Musing away in little old Stratford, Bill the Bard was a wee bit stuck. He’d always struggled with wordplay, and so he just sat, staring out his wooden Elizabethan window, in a state of utter confusion. No matter how hard he tried he just could not think of a good noun to describe his newest character, Laertes (although obviously not that new). But then. As if struck by the ghost of Christopher Marlowe (or the 17th Earl of Oxford), it came to him. “O my prophetic soul!”, the Bard exclaimed, “Laertes is a dickhead”.
Maybe I’m being melodramatic. In fact, I’m probably being very melodramatic. But after spending 40 quid to watch Hamlet at The Globe’s Sam Wannamaker Theatre, I was rather shocked. Dickhead? Really? Did I really just hear that, only meters from the site of the Bard’s original theatre? Really? I certainly don’t remember reading that in the tattered copy of Hamlet I borrowed from the library. Neither did I remember Claudius exclaiming, “F*** off Fortinbras!”. I wish I was able to use the same tone with the director, Sean Holmes, although he was conspicuously absent. Perhaps he sensed my rage.
I know I sound like a bit of an old fart, “It’s not the 17th century, stupid!” And yes, I know Shakespeare has to be adapted, modified… yada, yada, yada. After all, very few productions of Hamlet actually perform the entire play: most Croydon human rights lawyers can’t stay off Twitter for that long. But still. If you are to going to adapt the greatest writer in the canon, do it with care.
There is a Scottish children’s song called “Ye Cannae Shove Yer granny Aff A Bus” (I’ll let the Americans try and work that one out). And I think all directors of Shakespeare should take note of the song’s lesson, taught daily to many a five-year-old Scot. Shakespeare is old, precious, and easily hurt, ‘’so dinnae shove him aff a bus!’’
Some adaptations I will admit, grudgingly, do in fact work. Patrick Stewart playing a Cold War Macbeth worked. Especially the witches being played as nurses… very spooky. And even funny adaptations can work. David Tennant as a funny, witty and (as would be expected) cheeky Hamlet definitely worked, really well actually. Although Mr Holmes and his petulant, Morrisey singing, Doc Marten wearing, wannabe funny Hamlet, played by George Fourcares, really, really didn’t.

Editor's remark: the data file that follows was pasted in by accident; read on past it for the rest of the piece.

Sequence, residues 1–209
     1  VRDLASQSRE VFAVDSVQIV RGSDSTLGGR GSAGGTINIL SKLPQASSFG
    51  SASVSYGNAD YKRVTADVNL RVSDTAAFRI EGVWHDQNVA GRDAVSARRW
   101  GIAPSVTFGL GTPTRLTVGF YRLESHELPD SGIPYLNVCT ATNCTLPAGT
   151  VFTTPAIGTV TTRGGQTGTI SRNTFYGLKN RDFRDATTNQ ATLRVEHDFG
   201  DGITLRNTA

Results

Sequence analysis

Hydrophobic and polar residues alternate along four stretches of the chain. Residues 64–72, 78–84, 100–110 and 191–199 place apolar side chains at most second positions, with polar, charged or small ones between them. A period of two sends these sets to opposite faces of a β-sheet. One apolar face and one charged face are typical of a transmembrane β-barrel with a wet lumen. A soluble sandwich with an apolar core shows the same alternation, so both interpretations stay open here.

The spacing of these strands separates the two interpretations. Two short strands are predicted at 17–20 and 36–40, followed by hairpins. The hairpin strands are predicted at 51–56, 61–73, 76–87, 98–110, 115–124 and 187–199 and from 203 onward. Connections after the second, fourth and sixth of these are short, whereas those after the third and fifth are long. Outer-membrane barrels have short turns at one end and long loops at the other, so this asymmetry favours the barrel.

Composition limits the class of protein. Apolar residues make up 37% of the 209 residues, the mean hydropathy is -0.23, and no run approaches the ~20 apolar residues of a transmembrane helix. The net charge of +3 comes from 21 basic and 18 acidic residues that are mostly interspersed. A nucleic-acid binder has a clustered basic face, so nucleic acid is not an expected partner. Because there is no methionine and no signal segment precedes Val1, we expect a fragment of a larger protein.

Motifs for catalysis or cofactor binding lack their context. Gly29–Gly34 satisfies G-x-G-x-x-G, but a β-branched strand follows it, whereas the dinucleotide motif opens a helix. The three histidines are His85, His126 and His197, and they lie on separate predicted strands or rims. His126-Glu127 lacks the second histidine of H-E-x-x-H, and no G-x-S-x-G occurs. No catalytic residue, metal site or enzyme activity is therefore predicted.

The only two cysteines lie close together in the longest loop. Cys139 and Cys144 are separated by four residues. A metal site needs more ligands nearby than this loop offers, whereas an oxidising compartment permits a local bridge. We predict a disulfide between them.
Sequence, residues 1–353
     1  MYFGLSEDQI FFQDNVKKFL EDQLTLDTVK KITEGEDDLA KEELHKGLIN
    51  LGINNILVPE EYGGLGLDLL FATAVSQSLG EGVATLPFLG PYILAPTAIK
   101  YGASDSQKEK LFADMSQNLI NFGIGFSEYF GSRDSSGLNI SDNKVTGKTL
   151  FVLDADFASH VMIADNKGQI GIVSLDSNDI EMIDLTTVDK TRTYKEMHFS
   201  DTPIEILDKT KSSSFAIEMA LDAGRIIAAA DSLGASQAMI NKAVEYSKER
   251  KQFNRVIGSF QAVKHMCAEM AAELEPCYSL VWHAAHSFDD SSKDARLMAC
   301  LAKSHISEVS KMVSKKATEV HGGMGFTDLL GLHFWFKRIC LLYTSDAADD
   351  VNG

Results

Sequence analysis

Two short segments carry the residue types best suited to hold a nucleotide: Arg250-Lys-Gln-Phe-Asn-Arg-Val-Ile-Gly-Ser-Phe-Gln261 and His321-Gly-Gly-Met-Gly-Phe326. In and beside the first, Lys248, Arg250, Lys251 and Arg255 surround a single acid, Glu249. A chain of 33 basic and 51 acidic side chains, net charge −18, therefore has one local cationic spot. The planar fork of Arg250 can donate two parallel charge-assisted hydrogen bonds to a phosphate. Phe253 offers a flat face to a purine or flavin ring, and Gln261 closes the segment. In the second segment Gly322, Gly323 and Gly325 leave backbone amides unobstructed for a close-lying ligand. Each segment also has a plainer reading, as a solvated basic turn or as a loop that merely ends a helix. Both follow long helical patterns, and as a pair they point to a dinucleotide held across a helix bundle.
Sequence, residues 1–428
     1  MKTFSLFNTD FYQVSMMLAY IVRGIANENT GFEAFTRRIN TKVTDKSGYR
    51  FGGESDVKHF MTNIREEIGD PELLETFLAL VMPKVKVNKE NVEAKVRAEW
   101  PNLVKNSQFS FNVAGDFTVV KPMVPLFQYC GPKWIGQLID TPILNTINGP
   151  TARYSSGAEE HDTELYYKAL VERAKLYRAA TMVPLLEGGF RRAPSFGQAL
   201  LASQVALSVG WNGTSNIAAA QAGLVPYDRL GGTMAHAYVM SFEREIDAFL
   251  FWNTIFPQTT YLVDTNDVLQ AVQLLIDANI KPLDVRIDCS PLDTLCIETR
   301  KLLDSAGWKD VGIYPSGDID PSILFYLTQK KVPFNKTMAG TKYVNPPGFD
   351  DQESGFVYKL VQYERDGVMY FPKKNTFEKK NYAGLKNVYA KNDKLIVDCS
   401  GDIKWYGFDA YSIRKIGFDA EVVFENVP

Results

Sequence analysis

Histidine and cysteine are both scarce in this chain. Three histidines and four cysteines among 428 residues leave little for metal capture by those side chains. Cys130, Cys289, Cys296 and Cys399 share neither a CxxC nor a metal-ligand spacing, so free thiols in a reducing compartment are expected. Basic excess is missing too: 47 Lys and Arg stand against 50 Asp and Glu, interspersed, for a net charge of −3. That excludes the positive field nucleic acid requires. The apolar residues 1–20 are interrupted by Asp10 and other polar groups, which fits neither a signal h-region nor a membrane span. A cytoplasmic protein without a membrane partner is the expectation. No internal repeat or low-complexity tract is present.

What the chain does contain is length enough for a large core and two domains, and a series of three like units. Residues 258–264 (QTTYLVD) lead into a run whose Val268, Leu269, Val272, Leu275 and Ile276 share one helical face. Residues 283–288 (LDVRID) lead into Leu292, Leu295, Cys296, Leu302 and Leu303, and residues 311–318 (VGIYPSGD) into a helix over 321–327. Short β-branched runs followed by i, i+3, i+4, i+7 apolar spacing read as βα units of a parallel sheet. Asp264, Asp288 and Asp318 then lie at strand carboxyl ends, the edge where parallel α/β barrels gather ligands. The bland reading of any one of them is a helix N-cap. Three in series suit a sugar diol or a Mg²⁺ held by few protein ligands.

Not necessarily because its directing was the standard of an iMovie I made in 2013. There are plenty of awful directors in London. But because the play itself was so broken up and so unrecognisable that it was barely even Shakespeare. Even the part where Hamlet directs his players is cut, which is famously our only indication of how Shakespeare directed his plays. Perhaps Lord Holmes didn’t like the Upstart’s directing style.
Both a Big Mac and a Blackhorn Burger are made out of beef and bread. But one is a masterpiece and the other’s only use is to be thrown at someone on a night out. So, without the Crow’s magic, “his” plays just become grisly, sloppy, tasteless and covered in that awful “Big Mac Sauce”.
These “modern” (or help me God, “postmodern”) renditions of Shakespeare lack all the wit of the Bard and so simply become plot with modern ornaments (often including singing pop songs, give me strength). As such they are weak because Shakespearean plots are frankly pretty weak. The Bard copied almost every plot from others and the only play he didn’t steal his plot for, The Tempest, simply had no plot at all (although, some say, he in fact lost the plot). Nevertheless, his real interest and skill lay in characters and words. And, much to Sean Holmes’ drop-jawed astonishment, these characters are far more conscious than a one-dimensional, petulant, stompy teenager and his insults are far more sophisticated than “dickhead”. “I have done thy mother” and “What, you egg!” are two prime examples (don’t get at me, I know these aren’t actually insults!).
If you abandon the Shakespeare in Shakespeare, just like abandoning the taste in Blackhorn, you are nothing. And frankly, in a world of endless entertainment and distractions, tacky Shakespeare parodies are not going to bring in the crowds, or the cash.
If I wanted to watch a stroppy teenager, I’d have looked in the mirror. If I wanted to listen to badly sung Morrisey songs, I’d have gone to a house party. And if I wanted to see every piece of drama turned into a melodramatic hyper-breakdown, I’d have gone and watched one of those artsy films I scroll past on Netflix when looking for theBee Movie. So please, Lord Sean of not quite Avon, next time give me real Shakespeare. Maybe then I’ll be able to stay till the end…